No man is an island, said John Donne, but Manville is an island right now.
In the aftermath of last night’s storm, the former factory town is cut off, according to Borough Administrator Gary Garwacke. Manville was one town of many inland burghs affected by the storm.
In Passaic County, Paterson and Passaic City both got hit, Paterson probably harder, according to the mayors of those two towns.
“We flooded like crazy all over,” said Paterson Mayor Jeffrey Jones. “This is not a typical situation by any means.”
Jones said the fire department has deployed boats as part of the city’s rescue operations.
To his knowledge, the Silk City suffered no casualties.
In Passaic, Mayor Alex Blanco also reported no injuries, but said boat rescue is underway at the 6th Street Housing Complex.
In Newark, parts of the East and South wards were clobbered. Large sections of the Ironbound are now submerged.
In Central Jersey, in Manville, “It’s rising very rapidly,” Garwacke told PolitickerNJ.com, referring to the water.
“All of our roads that ordinarily close in this kind of emergency are closed and we have a boat rescue operation under way.”
The only access point to the Somerset County borough is by foot via Route 206 through Hillsborough, he said.
In Somerville, just up the road from Manville, residents crept out of their homes here in the aftermath of the storm and saw two or three blocks on the east side of Main Street submerged.
The home of state Sen. Ray Lesniak, (D-20), Elizabeth, just avoided getting destroyed, as a large tree in the senator’s lawn uprooted and crashed to earth.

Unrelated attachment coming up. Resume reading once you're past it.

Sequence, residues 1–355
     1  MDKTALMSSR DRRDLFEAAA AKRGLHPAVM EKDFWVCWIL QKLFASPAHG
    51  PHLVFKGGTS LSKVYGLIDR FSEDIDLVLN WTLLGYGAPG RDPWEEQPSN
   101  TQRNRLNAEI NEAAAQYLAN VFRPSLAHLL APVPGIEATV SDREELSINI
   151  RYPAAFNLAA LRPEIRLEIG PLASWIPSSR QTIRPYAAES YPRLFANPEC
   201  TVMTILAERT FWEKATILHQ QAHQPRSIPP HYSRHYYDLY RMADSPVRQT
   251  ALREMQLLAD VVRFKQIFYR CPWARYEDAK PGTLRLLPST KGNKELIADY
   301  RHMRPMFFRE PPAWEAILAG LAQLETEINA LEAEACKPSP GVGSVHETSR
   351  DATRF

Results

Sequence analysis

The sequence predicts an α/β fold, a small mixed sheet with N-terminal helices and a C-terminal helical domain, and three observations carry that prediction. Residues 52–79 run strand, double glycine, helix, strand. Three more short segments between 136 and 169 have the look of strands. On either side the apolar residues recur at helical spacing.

“The storm came closer than Fajardo,” Lesniak cracked, a reference to his local nemeis, former School Board member Rafael Fajardo.
Assemblyman Albert Coutinho, (D-29), Newark, reported substantial localized flooding in the Ironbound.
“We have heavy flooding in the southern, eastern and northen tip – there was significant flooding through most of it,” said Coutinho, who took a photograph of a man jet-skiing in the east ward neighborhood.
On the orders of Gov. Chris Christie, both Atlantic and Cape May counties evacuated prior to the storm.
“We are actually in good shape,” state Sen. Jim Whelan, (D-2), Atlantic City, told PolitickerNJ.com. “We’re waiting for the reopening of the islands. We didn’t get the impact we thought we were going to get. We came through. We would like to see the evacuation lifted for Atlantc County and Cape May County.”
Whelan rode out the storm in Philadelphia and returned to his hometown of Atlantic City this morning.
In Westfield, Assemblyman Jon Bramnick, (R-21), reported massive tree damage.